Beech Creeps (Photo by Bryan Sargent)
Let me start off this review with a confession. My ears are sensitive. I like to pretend that I can handle loud music for extended periods of time, but to be honest I'm much more prone to nabbing some TP from the bathroom and crafting my own make-shift earplugs.
However, last Friday, perhaps by some mixture of my excitement to see Beech Creeps and the few Moscow Mules I had mixed myself in the office throughout the night, I chose to subject myself to the sonic experience with unprotected ears. I was not disappointed.
The Cowboys started off the show with a lively and energetic set. By the look of these guys, you wouldn't expect such a performance. There's no gimmick to their stage presence, no cumbersome aesthetics, just honest and fun delivery of simple, catchy, and surprisingly well-written songs. As Rob described, the music is something like the garage rock love-child of the Strokes and the Velvet Underground. Whatever that means, the audience was into it, as was I. And despite a minor hiccup with a guitar amp, the boys put on a great opening set.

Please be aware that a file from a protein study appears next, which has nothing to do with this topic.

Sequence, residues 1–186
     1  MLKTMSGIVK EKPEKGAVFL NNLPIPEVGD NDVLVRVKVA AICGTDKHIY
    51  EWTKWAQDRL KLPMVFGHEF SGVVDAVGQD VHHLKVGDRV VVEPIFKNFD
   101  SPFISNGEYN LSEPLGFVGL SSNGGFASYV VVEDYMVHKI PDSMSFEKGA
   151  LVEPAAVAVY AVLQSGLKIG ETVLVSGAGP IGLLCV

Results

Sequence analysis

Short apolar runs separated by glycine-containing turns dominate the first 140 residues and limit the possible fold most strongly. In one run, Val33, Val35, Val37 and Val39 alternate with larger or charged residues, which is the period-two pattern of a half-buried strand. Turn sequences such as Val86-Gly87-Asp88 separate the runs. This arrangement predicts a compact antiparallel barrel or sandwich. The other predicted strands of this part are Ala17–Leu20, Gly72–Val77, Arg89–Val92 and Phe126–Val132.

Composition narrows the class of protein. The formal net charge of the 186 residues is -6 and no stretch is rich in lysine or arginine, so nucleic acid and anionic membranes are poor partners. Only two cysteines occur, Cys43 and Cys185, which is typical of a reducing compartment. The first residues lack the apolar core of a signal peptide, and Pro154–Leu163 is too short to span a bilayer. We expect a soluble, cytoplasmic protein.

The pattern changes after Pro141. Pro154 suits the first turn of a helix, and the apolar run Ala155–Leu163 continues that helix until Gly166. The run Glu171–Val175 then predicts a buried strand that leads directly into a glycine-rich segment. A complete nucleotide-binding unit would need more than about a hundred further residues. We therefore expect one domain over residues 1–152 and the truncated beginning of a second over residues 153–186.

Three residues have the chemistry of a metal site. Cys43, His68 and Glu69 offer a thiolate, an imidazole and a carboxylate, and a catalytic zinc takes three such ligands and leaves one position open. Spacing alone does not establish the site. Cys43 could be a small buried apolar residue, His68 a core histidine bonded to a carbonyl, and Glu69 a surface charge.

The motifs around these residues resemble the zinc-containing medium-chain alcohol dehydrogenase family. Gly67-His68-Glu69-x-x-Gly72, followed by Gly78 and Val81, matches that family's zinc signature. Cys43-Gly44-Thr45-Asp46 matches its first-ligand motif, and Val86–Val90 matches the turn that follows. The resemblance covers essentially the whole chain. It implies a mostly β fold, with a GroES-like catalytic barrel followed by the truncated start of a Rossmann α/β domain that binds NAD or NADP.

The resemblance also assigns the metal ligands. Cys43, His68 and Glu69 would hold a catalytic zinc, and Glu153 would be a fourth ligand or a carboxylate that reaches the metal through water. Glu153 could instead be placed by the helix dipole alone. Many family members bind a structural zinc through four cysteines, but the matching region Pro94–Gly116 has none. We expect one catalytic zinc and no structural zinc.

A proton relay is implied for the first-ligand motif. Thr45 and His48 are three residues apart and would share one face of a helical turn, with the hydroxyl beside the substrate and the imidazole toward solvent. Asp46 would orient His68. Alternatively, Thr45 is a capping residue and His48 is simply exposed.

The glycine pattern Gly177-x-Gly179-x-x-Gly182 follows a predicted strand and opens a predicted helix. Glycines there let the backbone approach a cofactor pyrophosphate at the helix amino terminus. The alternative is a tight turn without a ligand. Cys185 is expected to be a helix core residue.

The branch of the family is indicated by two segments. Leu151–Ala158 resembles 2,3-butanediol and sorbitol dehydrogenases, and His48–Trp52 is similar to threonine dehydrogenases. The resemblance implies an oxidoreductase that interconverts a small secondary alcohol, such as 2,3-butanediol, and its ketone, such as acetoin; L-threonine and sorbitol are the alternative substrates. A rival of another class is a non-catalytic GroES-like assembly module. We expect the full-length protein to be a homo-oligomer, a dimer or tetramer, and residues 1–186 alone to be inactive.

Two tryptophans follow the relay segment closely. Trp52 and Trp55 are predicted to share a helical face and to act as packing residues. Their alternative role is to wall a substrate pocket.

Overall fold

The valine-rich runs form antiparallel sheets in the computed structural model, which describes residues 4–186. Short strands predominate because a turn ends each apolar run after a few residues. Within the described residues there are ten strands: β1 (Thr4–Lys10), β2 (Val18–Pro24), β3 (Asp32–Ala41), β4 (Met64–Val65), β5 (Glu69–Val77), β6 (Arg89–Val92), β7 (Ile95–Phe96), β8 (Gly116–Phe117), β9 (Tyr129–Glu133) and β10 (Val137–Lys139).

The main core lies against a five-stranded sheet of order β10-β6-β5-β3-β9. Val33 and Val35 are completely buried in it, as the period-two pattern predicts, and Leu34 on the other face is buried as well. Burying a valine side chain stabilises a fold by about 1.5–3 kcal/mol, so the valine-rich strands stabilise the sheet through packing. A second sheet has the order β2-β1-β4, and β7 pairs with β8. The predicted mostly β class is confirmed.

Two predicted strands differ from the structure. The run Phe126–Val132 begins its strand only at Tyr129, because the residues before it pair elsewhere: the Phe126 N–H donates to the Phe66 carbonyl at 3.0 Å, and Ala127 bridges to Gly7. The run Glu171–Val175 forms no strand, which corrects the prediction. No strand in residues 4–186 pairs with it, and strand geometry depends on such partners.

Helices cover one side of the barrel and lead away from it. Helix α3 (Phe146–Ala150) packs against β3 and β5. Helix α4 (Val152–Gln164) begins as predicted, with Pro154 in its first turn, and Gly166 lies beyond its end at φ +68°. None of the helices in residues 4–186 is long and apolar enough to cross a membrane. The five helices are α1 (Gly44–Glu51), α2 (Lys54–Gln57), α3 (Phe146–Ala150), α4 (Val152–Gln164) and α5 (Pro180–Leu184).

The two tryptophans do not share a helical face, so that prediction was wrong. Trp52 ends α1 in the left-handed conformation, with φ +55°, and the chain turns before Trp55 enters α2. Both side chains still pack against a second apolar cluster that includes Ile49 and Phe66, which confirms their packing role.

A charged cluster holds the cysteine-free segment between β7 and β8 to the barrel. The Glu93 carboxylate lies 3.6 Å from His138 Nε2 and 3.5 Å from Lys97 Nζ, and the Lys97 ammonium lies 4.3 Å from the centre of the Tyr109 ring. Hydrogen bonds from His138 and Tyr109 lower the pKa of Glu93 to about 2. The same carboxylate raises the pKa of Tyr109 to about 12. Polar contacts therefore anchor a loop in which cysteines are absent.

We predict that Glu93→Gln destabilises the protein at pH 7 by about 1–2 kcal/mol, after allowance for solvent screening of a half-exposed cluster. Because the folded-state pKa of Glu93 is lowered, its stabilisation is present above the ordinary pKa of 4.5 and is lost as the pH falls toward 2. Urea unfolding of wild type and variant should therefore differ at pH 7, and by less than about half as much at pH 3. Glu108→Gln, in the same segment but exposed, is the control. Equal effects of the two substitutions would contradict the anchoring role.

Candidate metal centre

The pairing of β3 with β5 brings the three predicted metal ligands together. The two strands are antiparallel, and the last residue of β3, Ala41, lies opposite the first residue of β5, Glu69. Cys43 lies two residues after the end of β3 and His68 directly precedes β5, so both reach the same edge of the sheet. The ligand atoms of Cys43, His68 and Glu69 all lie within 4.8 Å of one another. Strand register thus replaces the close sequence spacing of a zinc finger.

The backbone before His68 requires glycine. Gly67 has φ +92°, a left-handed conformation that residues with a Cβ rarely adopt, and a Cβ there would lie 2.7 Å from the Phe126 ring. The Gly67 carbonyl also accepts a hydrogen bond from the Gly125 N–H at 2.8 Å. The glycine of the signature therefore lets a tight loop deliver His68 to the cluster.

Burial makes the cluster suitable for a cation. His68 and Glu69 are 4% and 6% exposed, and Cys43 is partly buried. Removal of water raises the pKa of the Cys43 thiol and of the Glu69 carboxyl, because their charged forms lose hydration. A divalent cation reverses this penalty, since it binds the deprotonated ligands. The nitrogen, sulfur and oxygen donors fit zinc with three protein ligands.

After a short break, Beech Creeps finally took the stage. The set started immediately with industrial guitar sounds that soon burst into a wall of noise, taking the entire room captive in an overwhelming drone. After calibrating the audience to their to-be-expected volume, the band continued their set. Mark Shue and Zach Lehrhoff share guitar duties, delivering scuzzy hooks in tandem while simultaneously maintaining their own distinguishable sounds. Brian Chase holds down rhythm for the group with an element of percussive expression seldom found in noise rock, responding to the dynamic of each song with the same precision and grace as that of a seasoned jazz player. The reverberated howls of Mark and Zach's turn-taking vocal delivery serve as a guttural contextualization of the fast-paced noise. If Lemmy were in attendance (rip in peace), he would no doubt give a slow, reverent head nod. Noise rock outfits are a dime-a-dozen these days, but the Creeps are not one to be written off as another contribution to the trend. With an almost effortless degree of tact, this group has a way of synthesizing their obviously well-informed influences into a refreshing take on the genre, and their live shows are clear evidence of that.
Listen to a single off their recent full length, Revolver, below.